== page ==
This is my favorite time of the year here at xyHt. We bring you not only the regular issue, but our annual Heights supplement, created in conjunction with our friends at MAPPS to address all things aerial.
The history of aerial photography is relatively brief. But in that time, technological advances have covered a lot of ground, so to speak. In roughly a century we have gone from flying over enemy territory and snapping pictures, which would then have to be processed, developed, and analyzed, to real-time images and data collections capabilities.
Ten years ago, in the issue of Heights (which was then called simply Aerial Mapping) the introductory letter talked about how unmanned aerial systems will have a “more profound impact” on aerial mapping than any technology of the last 20 years.
That letter, written by then-executive director of MAPPS John Palatiello, turned out to be quite prophetic. But the emphasis of aerial mapping, as we point out in our Heights cover story, remains on manned missions. Writer Gavin Schrock tackles the interesting topic of manned vs. unmanned geospatial missions. Now, two more than a decade into the unmanned age, it would seem that with ever-more-capable unmanned aerial vehicles that the manned mission would be going the way of the dinosaur. But Schrock found otherwise. If UAVs can be efficient tackling smaller jobs, it’s still the manned missions that do the heavy lifting of larger jobs.
Toward that end, writer Juan Plaza takes a look at using aircraft to map the ocean surface for an oil company that hopes to one day use unmanned aircraft to deliver supplies to its rigs in the Gulf of Mexico. And writer Linda Duffy looks at the emerging market of wind energy and who manned missions are helping produce clean energy.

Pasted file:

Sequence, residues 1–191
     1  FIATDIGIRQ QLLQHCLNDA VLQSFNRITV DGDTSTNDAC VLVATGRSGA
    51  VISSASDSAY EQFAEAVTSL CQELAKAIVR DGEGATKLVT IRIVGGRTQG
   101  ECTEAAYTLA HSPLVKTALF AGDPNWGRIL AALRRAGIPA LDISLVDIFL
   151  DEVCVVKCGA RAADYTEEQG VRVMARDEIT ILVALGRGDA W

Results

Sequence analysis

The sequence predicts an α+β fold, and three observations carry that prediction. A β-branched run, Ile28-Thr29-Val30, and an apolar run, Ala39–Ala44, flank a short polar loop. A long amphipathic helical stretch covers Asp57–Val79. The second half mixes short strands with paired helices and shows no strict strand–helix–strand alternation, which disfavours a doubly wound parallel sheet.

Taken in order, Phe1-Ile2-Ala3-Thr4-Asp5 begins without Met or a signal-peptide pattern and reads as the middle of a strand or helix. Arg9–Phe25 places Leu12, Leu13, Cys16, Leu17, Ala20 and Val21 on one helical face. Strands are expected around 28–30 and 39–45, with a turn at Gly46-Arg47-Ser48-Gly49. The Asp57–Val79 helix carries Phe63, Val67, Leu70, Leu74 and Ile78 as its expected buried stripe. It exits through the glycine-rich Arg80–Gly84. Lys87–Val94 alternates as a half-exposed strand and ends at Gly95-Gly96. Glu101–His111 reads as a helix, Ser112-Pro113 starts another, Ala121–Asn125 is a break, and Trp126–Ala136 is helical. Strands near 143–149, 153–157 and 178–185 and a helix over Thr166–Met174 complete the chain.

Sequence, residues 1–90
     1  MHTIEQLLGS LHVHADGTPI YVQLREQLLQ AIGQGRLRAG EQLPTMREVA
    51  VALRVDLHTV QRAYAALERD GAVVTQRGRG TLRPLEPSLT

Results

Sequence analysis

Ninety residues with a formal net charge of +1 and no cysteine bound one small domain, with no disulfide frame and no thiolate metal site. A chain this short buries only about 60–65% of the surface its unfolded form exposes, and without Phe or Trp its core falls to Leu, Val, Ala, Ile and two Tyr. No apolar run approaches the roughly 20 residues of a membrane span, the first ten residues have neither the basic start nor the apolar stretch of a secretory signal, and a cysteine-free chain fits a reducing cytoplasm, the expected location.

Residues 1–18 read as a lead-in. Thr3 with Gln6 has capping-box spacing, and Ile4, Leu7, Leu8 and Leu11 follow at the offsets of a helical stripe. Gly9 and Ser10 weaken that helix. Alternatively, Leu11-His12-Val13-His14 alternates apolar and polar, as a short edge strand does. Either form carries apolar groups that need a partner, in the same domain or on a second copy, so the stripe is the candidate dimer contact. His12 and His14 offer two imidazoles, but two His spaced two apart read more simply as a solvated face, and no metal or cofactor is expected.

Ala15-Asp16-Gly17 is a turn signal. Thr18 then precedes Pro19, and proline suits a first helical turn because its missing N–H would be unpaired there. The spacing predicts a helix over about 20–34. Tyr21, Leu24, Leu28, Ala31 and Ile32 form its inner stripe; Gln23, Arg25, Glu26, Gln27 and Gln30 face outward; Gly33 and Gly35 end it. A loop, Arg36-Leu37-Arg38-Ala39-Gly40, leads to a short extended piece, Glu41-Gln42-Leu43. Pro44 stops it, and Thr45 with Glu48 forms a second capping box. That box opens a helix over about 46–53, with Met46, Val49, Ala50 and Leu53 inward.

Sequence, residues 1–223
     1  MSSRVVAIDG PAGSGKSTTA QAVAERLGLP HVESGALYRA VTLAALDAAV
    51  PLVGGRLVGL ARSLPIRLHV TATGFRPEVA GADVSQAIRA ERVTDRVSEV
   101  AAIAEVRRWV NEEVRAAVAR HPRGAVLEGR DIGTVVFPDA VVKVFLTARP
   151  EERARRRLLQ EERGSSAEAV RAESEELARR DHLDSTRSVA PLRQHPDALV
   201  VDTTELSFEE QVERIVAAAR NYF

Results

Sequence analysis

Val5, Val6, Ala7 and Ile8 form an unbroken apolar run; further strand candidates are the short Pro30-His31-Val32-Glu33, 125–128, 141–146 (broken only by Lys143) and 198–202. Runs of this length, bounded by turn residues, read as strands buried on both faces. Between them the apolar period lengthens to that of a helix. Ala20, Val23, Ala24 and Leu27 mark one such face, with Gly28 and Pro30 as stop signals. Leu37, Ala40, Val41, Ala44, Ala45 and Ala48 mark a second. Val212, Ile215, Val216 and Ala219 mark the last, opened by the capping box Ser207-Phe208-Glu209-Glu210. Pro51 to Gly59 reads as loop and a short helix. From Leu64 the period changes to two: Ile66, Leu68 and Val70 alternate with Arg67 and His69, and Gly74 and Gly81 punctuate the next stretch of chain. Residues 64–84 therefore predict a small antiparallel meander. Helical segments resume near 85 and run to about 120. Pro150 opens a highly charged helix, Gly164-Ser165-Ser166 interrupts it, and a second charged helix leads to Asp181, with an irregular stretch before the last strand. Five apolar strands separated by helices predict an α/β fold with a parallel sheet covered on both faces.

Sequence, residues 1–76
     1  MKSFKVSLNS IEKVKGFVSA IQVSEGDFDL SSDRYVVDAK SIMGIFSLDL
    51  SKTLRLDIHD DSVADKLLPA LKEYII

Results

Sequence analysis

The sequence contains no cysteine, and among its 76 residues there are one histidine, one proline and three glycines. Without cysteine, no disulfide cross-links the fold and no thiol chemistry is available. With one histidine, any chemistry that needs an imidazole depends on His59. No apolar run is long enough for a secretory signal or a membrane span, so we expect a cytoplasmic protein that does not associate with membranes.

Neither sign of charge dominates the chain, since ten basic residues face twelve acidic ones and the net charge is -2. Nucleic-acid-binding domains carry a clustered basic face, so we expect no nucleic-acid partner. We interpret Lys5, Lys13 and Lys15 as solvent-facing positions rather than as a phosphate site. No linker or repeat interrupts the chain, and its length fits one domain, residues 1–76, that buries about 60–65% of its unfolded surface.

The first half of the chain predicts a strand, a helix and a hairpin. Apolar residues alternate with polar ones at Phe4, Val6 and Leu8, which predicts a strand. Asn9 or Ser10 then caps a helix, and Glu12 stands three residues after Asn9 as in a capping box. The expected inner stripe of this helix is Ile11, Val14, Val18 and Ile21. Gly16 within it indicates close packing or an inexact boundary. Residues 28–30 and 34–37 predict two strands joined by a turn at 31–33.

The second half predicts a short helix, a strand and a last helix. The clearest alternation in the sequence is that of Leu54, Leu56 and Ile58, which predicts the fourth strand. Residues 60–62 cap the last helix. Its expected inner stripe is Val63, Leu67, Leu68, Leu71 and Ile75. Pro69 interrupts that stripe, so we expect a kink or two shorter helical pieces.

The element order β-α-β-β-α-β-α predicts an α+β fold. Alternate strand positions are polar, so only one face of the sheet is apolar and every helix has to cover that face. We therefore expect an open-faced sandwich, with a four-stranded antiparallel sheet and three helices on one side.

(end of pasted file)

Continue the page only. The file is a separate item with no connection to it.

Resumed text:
We want to thank MAPPS president Robert Hanson for writing the opening article for Heights and taking a look at where MAPPS is headed and the political headwinds it faces.
With all that content about things up above, the April issue of xyHt is more grounded with articles about surveyors whose boots on the ground labor is improving life in many aspects. For example, when natural disaster strikes, it is often surveyors who are among the first on the scene to initiate the rebuilding process.
But those boots on the ground often need an eye in the sky—actually an eye in space. So, we take a look at how GNSS constellations are communicating with surveyors’ rovers and how the technology of that process is evolving and improving.
Essentially, in these two issues we’re on the ground, in the air, and out in space. That’s a lot of ground and air space we’ve covered. I hope you enjoy both issues.